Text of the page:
appropriately rated 4 ohm speaker cabinets that are specifically designed for bass instruments.
    Exactly. The amp has only one output period, and it's an external jack. As in, the powered signal does not reach the on-board woofer from inside the combo, but instead the head and cab sections are connected through the aforementioned jack, with a cable accessible from the outside. Should one need to use external speakers (for a combined minimum acceptable load of 4 ohms as stated in the quote above), the internal driver can, and has to, be unplugged, and that same socket be used in one of the three configurations you described.
  16. cb56


    Jul 2, 2000
    Where are you folks seeing that the internal speaker is 8 ohms?
    Haven't had morning coffee do maybe I missed it.
  17. cb56


    Jul 2, 2000
    No I never use effects of any kind. Just plug in and play.
  18. HaphAsSard


    Dec 1, 2013
    Nowhere, because it isn't, in all likelihood. It would be foolish if it were.

    What we know for sure:
    - power figures, i.e. "Rated Output Power 500 watts Peak / 250 watts RMS";
    - the fact that the amp can go down to 4 ohms, since they say as much - "If you do wish to connect an external speaker, use only appropriately rated 4 ohm speaker cabinets";
    - the fact that the internal speaker has to be disconnected, from the one existing output jack, for another cab to be hooked to the head - "Speaker Output Jack - The internal speaker is normally connected to this standard unbalanced ¼” jack."

    If the internal speaker were 8 ohms it would mean that the combo as is couldn't put out the rated max power (not uncommon, but clearly stated every time it is the case): it would have to be connected to an external 4-ohm cab or stack, with the internal woofer necessarily disconnected and turned into dead weight/space (which would be odd and inconvenient*); alternatively, the head would have to be hooked up to an external 8-ohm cab, then daisy-chained back into the combo speaker (which, again, we are assuming for the sake of argument to be 8-ohm as well). Why not arrange for an extension speaker output, as is the case with every combo out there that has a 4-ohm min head and an internal 8-ohm speaker?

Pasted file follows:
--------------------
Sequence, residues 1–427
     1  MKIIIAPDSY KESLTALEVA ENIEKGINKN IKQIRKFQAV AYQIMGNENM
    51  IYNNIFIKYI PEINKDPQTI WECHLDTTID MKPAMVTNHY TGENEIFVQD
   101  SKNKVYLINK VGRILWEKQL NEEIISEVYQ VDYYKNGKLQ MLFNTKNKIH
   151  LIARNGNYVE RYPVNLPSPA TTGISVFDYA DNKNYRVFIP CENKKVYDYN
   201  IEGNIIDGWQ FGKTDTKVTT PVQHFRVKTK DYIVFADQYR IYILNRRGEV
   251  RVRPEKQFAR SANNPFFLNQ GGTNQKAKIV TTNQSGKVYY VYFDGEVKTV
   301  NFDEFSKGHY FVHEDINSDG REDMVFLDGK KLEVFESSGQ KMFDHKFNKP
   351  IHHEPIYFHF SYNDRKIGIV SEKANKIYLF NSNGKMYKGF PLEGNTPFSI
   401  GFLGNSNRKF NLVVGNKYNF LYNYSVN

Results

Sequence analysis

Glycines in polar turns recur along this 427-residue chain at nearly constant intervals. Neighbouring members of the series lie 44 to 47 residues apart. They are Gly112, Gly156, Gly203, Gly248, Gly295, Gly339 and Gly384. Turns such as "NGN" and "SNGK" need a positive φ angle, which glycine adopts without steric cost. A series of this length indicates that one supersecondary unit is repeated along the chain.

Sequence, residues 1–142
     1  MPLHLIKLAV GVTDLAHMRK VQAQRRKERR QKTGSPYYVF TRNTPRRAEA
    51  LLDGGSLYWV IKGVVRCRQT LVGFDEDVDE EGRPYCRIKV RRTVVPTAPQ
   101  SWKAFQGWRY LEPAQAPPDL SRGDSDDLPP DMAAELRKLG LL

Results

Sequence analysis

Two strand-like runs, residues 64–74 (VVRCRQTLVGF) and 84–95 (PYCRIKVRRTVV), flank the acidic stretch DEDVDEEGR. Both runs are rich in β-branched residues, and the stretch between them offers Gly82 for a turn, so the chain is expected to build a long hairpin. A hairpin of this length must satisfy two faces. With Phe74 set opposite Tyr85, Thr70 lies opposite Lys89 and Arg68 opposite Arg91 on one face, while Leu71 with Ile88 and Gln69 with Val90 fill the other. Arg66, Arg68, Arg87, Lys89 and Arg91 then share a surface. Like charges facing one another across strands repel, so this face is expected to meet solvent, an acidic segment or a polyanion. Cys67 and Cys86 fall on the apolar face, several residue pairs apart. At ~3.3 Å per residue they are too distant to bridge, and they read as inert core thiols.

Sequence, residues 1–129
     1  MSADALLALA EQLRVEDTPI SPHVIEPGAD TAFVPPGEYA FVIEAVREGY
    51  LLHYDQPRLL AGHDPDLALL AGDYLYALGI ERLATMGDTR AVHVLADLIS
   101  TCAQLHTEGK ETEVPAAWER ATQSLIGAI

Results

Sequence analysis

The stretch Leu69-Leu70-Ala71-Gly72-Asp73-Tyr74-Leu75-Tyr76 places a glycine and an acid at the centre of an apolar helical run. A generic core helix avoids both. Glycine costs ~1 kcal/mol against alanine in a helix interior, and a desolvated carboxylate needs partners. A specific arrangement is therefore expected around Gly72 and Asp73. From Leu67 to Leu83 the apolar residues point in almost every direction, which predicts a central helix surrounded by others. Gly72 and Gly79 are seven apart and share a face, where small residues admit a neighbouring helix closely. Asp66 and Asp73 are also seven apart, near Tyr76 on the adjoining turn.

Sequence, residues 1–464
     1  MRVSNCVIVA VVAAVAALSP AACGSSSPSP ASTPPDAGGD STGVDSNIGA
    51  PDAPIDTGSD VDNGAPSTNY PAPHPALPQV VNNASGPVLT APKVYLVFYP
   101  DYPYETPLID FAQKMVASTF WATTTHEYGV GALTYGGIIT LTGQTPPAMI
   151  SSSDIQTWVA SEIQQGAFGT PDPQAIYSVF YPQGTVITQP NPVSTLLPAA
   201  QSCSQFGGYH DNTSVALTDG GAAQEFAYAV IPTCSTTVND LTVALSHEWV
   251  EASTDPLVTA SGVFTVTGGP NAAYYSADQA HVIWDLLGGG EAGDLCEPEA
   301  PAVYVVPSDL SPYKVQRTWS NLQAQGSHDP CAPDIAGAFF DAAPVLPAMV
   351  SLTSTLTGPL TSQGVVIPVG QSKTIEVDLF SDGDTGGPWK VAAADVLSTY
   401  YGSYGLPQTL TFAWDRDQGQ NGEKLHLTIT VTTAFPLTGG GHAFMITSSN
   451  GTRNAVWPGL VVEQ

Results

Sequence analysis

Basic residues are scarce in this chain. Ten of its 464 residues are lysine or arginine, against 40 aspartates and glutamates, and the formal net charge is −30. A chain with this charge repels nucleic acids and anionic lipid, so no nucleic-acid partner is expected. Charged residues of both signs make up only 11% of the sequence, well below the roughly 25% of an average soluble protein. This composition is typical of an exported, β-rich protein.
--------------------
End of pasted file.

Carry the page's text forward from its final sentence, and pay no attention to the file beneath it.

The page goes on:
Nah. Everything points to the driver being 4 ohms.
    [EDIT - Maybe not everything after all: see this post making a convincing case for the driver being a 6-ohm one.]

    *EDIT: to clarify, it would be odd and inconvenient to get the head section to put out its full power with the internal speaker not contributing in any way (except negatively, as ballast).
    Last edited: Jul 17, 2017
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  19. cb56


    Jul 2, 2000
    Oh, ok some of the previous posts threw me off.
    So the internal speaker is 4 ohms. The amp is 500 peak 250 RMS.
    That makes more sense to me.
    The obvious question is, Why the heck would you ant to run a different speaker cab.
    I guess you could run 2 external 8 ohm cabs w/internal speaker disconnected and get more volume? That would also depend on what speakers/cabs you were using.... Why am I even asking about this. I like the KB15 just like it is!
  20. HaphAsSard


    Dec 1, 2013
    I suppose in the odd case you had a loud outdoor gig with no PA support for bass, an 810 or two 410s at your disposal but no separate head to run the full stack.

    The thing is, it's damned if they do, damned if they don't with combos: if you (the designer) make them expandable by putting in an internal speaker of double nominal impedance than the minimum one the amp is rated at, people complain they don't put out their full power on their own; if you instead choose the driver so that its impedance is the head's minimum, people complain they're not expandable; if you do the latter but add an extension out jack wired in series it means the user will get less power if (s)he hooks up a cab to it, which would only make sense if said cab is very sensitive.
    Hartke's solution is no more ideal than the others, but it has its elegance: because of the KB having a single speaker out and you having to unplug the internal woofer whenever you have to expand it, you don't risk accidentally going below the amp section's minimum impedance - unless you then hook it to two 4-ohm cabs, but then you've really asked for it! The downside, as said, is you have to carry the internal driver at all times (which is inherent in having a combo), even though it's necessarily not in use when external cabs are involved (which is instead very peculiar*). At least it's light!

    *There are combos with the internal driver defeatable through a switch (the GK MB150 comes to mind), in order to give the user the option to use the head section if the internal driver doesn't cut it and the only external cabinet available is not 8-ohm but 4-ohm; this is the first time I read of a combo whose internal driver must be unplugged as a necessary condition for "expansion".
    Last edited: Jul 8, 2017